There are some other oddities that annoy me, such as chapters labeled `Sandwiches' and `Panini' when `panini' is simply Italian for `sandwich'. Another is the assortment of rather drab black and white photographs, several of what appears to be dirty dishes, produce, or kitchen counter. While many have something of an artsy feel to them, they are not exactly up to the standards of Man Ray or Annie Lebowitz. A third annoyance is that while the title and introduction to this book makes sly reference to the author's James Beard award winning first book, `Flavor', there is really nothing about the recipes which make any reference at all to the good things done in that book.

The irony of all this is that in spite of all those annoyances and gotchas, I am very likely to refer to this book more often than many others when I need to make something quick, but where I don't want to fall back on all my familiar recipes or a can of Campbell's soup.

My favorite things about the book is that like Rachael, this is `all at once' cooking rather than part of the `cook ahead on the weekend' school and, like Jamie Oliver, it embodies cooking as part of a `joie-de-vivre' where preparing food becomes a celebration rather than a chore.
22 of 26 people found the following review helpful
1.0 out of 5 stars 5 Minutes to Cook 60 to prep - Horrible Photography! 8 Jun 2006
By kiwanissandy - Published on Amazon.com
Format:Hardcover
I can only believe that people who left a 5 star review are friends or family of Rocco's.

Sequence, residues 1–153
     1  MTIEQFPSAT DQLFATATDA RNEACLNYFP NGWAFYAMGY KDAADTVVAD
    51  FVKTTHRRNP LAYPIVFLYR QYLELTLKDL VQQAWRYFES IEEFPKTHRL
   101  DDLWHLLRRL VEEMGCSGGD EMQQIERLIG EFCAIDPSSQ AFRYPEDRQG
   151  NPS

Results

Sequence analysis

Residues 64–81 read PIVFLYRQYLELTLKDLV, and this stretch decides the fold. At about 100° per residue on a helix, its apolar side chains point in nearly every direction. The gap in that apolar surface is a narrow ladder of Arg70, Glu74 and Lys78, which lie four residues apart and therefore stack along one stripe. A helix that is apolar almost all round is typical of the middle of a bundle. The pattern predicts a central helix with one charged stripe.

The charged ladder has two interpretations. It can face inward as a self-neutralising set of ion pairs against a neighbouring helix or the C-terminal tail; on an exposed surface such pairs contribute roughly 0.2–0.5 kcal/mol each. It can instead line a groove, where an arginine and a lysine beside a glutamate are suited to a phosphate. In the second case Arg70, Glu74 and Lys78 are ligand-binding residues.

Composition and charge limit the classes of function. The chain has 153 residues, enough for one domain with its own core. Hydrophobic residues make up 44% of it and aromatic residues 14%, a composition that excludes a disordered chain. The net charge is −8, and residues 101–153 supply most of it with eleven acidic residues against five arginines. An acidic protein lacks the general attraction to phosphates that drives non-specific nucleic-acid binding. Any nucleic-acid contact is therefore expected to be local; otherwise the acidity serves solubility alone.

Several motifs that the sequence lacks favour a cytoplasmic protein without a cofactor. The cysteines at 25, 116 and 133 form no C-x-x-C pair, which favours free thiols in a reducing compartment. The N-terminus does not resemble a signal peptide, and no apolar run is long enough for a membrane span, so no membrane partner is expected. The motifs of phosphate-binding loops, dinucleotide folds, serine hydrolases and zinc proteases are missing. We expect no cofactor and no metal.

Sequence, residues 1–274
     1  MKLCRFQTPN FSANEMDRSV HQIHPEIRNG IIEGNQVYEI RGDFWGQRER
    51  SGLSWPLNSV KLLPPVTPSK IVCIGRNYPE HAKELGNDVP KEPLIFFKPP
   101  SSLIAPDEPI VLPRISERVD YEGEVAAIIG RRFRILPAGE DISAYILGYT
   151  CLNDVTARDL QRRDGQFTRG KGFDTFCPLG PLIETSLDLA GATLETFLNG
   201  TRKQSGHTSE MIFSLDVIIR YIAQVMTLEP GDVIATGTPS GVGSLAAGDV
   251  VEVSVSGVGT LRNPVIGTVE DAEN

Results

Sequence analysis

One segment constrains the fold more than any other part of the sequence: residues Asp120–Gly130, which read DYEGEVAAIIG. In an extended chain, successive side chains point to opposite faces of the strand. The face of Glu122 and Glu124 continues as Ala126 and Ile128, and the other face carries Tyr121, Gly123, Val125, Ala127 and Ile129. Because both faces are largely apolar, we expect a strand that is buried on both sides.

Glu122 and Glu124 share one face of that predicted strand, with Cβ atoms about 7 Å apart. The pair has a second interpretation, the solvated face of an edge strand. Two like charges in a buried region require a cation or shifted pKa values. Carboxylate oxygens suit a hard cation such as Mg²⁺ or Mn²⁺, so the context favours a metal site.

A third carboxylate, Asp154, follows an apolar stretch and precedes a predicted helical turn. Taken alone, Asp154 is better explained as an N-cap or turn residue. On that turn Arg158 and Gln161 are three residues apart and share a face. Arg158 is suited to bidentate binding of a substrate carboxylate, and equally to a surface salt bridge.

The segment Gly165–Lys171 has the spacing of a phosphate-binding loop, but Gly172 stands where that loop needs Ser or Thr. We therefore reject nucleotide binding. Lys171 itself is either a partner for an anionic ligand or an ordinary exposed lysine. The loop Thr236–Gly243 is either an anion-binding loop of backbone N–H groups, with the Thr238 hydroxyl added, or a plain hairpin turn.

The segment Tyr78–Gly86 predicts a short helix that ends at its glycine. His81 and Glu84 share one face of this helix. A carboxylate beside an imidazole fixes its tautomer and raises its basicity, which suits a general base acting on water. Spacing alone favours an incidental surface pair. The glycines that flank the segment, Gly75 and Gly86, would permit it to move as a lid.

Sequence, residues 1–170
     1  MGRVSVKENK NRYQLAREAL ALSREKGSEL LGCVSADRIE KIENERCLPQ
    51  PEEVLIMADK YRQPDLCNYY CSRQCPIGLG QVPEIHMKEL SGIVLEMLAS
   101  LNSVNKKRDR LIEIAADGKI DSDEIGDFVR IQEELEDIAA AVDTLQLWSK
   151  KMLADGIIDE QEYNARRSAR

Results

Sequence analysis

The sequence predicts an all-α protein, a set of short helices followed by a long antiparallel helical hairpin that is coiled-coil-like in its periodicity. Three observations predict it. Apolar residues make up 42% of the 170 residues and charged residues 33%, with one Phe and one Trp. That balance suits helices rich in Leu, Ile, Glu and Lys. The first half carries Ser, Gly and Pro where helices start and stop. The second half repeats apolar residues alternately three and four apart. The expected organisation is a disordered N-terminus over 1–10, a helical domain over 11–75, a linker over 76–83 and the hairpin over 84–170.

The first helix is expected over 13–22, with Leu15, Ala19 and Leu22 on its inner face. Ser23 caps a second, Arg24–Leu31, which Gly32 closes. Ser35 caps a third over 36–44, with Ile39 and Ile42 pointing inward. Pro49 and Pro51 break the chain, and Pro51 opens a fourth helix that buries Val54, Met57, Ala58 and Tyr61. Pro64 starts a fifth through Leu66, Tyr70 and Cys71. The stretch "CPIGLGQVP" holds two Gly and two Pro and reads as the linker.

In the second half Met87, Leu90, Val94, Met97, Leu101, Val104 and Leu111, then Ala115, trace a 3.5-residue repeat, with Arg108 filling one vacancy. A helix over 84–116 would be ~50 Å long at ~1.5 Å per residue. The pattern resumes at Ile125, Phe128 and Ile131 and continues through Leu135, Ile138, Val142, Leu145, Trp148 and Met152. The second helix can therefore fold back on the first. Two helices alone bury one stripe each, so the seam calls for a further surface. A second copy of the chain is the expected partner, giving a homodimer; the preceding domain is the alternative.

The reason people are into quick cuisine is because they're busy, they have children, they work long hours, etc. His recipes promise 5 ingredients, 5 minutes, under $5.00. Ah! It's at least 30 minutes prep time on even the quickest recipes and some are up to 60 minutes and most are not family friendly. There is a recipe for scallops with lemon butter and the recipe never calls for cooking the scallops. Well yeah, I guess you could prepare it in 5 minutes when it's raw. Then you're suppose to get a teflon skillet as hot as humanly possible (which I've always read is a no no) and brown some butter with lemon zest then pour over the uncooked scallops. Gross! Then his 5 ingredients does not count for herbs, spices, oil, vinegars, flour, sugar, salt, pepper, butter, etc etc so there's another 5-10 ingredients per recipe that are not included in his "5" ingredients. And many of the 5 ingredients are packaged jello, canned cheese whiz, etc. Gross!

Most of the pictures are black and white and just absolutely horrible photography. There's a B&W picture taking up both pages of what appears to be a stock pot filled with who knows what. They picture is so dark and undefineable that the contents actually look gross. There are a few color, glossy pictures near the back of the book, not enough to give you a feel for the dishes.

And then to say thanks to your partner for putting out for you? Isn't that an open sexual innuendo? Gross.

Overall, don't bother. Book is poorly designed, recipes are so-so, and the photography is just horrible. How embarrasing for Rocco who I'm sure is a nice person, he seems to have a nice personality and I love his shows but forget this cookbook. He should be suing his publisher for putting this to print.
18 of 21 people found the following review helpful
5.0 out of 5 stars Good for kitchen novices and for foodies who want some tasty quick recipes 17 Jan 2006